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Extending a helping hand during the Great Recession

Mohamed Ihsan Ajwad's picture

The impact of the Great Recession on Latvia was severe. Between 2008 and 2010, GDP fell by 21 percent, 11 percent of the workforce lost their jobs, and poverty nearly doubled, to 18 percent. This was no ordinary recession, it was a deep crisis.

This is the story of how Latvia successfully cushioned the inevitable blow--to at least some workers--through a World Bank-supported public works program.

The government launched a new public works program, known as Workplaces with Stipends (WWS). The WWS program created temporary employment (small infrastructure, cleaning parks, elderly care, social services) for people who were unemployed but were ineligible for unemployment benefits, thereby strengthening the weak social safety net. The World Bank helped design the program through just-in-time technical assistance, provided finance through two $286 million Development Policy Operations, and partnered with the IMF and the European Commission.

There was no way the government could afford to help all the unemployed. They faced a stark choice: help many workers earn a small stipend or help fewer in a more substantial manner. They choose to focus on the poorest unemployed workers. In order to do so, they had to set wage rates that were lower than the binding minimum wage—this helped the program separate workers who were able to find work in the market from those who could not find work and hence needed help.  Low wages also dissuaded better-off people from applying—and helped keep the program’s long waiting list more manageable.

The low wage rates were controversial. Unions opposed them, arguing that the crisis was a time of great need for all Latvians. In turn, the government countered that the job crisis required a more targeted approach and that a bigger package would be unaffordable.

How successful was Latvia at targeting the poor? A new impact evaluation done by a Bank team shows that the program was very successful. Almost 83 percent of Latvia's public works beneficiaries were in the bottom quintile and 96 percent of public works beneficiaries were in the bottom 40 percent. For safety nets aficionados, that’s about as good as targeting performance gets.

The program increased household income by 37 percent, which was crucial during the crisis.  But, as with any public works program, about a third of income was foregone income, because beneficiaries had to spend time earning their stipend.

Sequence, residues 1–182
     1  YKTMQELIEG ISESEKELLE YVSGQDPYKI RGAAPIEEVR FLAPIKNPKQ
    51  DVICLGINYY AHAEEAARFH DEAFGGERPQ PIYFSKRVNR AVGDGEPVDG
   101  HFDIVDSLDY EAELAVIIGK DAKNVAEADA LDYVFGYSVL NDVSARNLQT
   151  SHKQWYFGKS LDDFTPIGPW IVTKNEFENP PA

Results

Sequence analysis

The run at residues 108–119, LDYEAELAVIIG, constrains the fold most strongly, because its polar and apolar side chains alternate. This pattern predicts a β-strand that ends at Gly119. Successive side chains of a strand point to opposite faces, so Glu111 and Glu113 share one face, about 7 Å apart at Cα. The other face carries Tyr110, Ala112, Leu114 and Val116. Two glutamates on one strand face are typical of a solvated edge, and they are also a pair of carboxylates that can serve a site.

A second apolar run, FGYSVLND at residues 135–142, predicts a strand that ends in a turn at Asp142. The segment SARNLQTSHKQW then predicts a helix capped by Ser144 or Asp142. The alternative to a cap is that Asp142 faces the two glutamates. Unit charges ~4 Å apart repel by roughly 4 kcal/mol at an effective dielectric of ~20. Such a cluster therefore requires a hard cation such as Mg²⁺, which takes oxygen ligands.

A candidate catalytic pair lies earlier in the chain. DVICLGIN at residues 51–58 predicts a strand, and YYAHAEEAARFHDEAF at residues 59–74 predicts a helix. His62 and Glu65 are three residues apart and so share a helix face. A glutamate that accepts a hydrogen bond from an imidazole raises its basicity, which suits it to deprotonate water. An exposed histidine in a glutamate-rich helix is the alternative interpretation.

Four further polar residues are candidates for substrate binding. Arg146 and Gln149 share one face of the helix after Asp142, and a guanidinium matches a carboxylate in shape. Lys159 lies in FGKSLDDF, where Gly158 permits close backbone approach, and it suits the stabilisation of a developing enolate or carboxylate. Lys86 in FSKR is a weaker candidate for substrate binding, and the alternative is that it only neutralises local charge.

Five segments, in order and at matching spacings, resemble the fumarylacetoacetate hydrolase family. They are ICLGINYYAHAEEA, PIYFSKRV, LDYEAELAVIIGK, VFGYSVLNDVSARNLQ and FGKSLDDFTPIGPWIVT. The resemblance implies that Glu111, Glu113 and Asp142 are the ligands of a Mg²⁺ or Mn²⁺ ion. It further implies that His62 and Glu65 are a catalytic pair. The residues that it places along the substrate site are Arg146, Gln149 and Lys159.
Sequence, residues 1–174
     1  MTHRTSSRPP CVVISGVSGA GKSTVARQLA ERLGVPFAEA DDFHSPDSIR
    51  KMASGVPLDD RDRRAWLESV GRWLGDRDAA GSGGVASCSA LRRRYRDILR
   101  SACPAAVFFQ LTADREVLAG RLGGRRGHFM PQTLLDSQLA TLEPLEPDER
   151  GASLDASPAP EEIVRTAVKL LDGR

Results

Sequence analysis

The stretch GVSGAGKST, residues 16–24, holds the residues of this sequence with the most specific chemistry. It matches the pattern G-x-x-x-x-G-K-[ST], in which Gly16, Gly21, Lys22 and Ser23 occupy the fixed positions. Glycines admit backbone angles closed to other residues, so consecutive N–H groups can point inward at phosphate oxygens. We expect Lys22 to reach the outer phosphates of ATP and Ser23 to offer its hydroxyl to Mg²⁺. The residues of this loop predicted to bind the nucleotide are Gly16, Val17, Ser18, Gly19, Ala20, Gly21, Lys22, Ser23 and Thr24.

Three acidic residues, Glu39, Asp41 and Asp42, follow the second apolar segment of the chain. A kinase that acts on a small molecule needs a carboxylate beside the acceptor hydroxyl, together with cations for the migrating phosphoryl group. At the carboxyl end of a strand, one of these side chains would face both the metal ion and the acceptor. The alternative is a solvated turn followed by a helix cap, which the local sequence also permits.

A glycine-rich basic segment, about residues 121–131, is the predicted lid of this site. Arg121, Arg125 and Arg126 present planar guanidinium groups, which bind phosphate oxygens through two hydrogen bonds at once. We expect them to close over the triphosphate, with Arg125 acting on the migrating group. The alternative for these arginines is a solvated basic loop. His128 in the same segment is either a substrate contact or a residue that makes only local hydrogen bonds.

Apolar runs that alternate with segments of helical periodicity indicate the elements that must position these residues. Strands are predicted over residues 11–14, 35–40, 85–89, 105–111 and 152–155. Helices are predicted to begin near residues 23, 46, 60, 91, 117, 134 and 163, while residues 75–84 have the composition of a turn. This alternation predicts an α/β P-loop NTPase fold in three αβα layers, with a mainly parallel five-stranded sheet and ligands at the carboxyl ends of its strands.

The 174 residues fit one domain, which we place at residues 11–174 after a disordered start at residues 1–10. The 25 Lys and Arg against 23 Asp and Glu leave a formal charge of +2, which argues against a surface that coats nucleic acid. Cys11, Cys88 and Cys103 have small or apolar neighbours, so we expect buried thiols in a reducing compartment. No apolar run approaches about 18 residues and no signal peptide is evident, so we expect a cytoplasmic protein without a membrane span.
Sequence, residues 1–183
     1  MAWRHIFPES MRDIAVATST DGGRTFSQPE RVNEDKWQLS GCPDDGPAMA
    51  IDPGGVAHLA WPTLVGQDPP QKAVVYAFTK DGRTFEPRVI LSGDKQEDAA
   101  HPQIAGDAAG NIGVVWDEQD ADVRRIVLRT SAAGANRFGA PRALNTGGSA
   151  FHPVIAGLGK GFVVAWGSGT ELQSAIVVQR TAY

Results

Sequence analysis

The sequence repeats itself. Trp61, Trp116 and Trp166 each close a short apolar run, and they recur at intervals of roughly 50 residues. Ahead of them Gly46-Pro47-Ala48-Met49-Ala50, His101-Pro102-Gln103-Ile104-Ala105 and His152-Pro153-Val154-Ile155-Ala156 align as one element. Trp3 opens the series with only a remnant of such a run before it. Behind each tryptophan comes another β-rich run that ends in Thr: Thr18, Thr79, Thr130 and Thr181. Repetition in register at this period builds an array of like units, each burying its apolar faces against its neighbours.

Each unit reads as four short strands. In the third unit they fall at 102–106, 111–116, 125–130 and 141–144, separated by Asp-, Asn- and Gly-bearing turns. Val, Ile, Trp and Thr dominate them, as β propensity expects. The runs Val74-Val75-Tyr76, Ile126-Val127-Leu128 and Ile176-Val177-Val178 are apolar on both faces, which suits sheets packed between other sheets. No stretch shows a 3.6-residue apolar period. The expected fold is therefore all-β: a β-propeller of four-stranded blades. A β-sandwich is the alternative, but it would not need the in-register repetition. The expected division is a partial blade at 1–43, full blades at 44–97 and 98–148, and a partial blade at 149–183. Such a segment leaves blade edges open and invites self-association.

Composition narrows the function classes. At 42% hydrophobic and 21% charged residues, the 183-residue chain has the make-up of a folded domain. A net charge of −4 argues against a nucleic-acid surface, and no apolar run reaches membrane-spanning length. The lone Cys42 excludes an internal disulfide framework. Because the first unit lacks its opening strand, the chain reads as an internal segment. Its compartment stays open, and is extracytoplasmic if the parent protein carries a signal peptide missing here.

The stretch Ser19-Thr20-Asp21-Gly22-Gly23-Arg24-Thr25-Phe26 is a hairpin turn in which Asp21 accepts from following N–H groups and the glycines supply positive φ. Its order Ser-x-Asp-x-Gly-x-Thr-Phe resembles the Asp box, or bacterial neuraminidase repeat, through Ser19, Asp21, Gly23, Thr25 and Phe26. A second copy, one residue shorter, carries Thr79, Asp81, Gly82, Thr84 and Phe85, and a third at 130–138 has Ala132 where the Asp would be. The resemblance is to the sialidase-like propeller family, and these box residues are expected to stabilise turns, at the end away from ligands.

The WWS program also had other controversies during the early stages.  Two controversies were particularly interesting.  First, some critics pointed out that public works programs were only used in low income countries and were inappropriate for middle- and high-income countries.  This argument, however, is false: Argentina, Botswana, Chile, El Salvador, Mexico, Poland, Sri Lanka, South Africa, and Uruguay (see book) have all implemented public works during crises, as did the United States during the Great Depression under the New Deal. Second, some argued that the public works program (which was intended to be temporary) would become a permanent part of the Latvian safety net system because it would create many vested interests.  This also proved false: by end-2011 (less than 2.5 years after implementing the program) the WWS program was completely dismantled.

Therefore, the Government of Latvia demonstrated that a public works program can be deployed nationally, targeted well, have the desired impact on families, and have minimal distortions on the labor market. Public works does not replace the need for more comprehensive risk management, but when facing a sudden job crisis, labor-intensive public works can create a viable and timely complement to other forms of social protection.

There is also a lesson here about the value of evaluation. Design of the Latvia program was guided by Argentina’s experience with a similar program in the late 1990s—which had been evaluated and documented, and was hence available to the team advising Latvia. This points to the value of impact evaluation in fostering knowledge transfer—as the Bank Group is also trying to promote in its science of delivery. 

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